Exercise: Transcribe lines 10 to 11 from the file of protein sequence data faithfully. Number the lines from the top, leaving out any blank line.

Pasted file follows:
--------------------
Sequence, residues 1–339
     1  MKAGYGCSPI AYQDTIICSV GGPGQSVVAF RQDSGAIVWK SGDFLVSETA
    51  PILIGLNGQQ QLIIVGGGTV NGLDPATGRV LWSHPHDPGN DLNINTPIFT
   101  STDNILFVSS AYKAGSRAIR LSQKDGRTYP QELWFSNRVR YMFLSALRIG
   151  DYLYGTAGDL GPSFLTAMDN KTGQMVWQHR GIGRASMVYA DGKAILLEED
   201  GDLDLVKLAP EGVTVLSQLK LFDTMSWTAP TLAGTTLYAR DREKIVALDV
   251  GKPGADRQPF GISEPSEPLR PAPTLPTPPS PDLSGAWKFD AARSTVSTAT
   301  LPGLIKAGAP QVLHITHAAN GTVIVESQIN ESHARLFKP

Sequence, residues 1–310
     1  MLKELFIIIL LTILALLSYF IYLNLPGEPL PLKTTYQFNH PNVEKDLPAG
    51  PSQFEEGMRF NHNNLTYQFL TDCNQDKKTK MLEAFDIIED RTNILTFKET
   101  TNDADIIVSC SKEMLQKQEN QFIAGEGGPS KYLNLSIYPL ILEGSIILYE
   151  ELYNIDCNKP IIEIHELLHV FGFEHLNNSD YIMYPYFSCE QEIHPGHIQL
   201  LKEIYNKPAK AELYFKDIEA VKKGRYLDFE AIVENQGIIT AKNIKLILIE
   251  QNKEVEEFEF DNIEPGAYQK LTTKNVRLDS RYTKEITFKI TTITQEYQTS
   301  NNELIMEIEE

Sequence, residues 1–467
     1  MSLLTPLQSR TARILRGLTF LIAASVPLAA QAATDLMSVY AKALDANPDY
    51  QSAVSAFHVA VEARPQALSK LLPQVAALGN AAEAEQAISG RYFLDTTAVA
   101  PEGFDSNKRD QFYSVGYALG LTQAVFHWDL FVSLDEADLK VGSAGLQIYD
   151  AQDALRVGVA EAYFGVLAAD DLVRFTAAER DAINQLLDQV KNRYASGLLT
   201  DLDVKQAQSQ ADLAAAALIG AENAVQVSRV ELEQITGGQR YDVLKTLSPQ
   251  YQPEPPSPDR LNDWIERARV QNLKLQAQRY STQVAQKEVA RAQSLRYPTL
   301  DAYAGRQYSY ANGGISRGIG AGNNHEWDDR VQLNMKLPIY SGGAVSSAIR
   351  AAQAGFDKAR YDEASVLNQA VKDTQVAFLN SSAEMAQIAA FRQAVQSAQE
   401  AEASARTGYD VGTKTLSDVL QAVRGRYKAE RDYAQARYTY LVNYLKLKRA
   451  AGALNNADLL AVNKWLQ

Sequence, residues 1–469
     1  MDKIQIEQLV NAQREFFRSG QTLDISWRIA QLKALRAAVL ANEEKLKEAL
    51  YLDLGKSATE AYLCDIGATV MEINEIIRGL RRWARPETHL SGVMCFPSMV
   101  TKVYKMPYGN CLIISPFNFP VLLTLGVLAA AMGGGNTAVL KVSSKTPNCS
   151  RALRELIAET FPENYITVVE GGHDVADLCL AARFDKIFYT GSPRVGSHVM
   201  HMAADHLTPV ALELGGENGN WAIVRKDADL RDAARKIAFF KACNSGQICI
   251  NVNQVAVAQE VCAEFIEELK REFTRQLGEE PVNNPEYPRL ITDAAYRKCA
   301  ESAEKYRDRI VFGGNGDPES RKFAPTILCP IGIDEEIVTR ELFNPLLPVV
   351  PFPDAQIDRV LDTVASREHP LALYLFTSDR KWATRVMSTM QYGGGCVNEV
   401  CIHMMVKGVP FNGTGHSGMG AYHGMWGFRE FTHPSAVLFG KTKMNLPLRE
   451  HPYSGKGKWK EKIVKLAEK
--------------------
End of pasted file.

     1  MLKELFIIIL LTILALLSYF IYLNLPGEPL PLKTTYQFNH PNVEKDLPAG
    51  PSQFEEGMRF NHNNLTYQFL TDCNQDKKTK MLEAFDIIED RTNILTFKET